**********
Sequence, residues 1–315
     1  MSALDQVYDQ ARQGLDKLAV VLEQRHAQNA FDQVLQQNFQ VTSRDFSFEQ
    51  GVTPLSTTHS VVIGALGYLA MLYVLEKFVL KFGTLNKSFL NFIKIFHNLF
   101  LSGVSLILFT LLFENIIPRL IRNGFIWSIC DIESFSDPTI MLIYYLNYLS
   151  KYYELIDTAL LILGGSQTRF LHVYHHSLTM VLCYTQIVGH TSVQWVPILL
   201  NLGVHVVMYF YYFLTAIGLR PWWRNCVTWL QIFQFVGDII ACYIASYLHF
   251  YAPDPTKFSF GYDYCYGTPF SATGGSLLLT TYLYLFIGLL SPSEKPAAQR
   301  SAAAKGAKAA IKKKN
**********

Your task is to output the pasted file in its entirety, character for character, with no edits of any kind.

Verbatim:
Sequence, residues 1–315
     1  MSALDQVYDQ ARQGLDKLAV VLEQRHAQNA FDQVLQQNFQ VTSRDFSFEQ
    51  GVTPLSTTHS VVIGALGYLA MLYVLEKFVL KFGTLNKSFL NFIKIFHNLF
   101  LSGVSLILFT LLFENIIPRL IRNGFIWSIC DIESFSDPTI MLIYYLNYLS
   151  KYYELIDTAL LILGGSQTRF LHVYHHSLTM VLCYTQIVGH TSVQWVPILL
   201  NLGVHVVMYF YYFLTAIGLR PWWRNCVTWL QIFQFVGDII ACYIASYLHF
   251  YAPDPTKFSF GYDYCYGTPF SATGGSLLLT TYLYLFIGLL SPSEKPAAQR
   301  SAAAKGAKAA IKKKN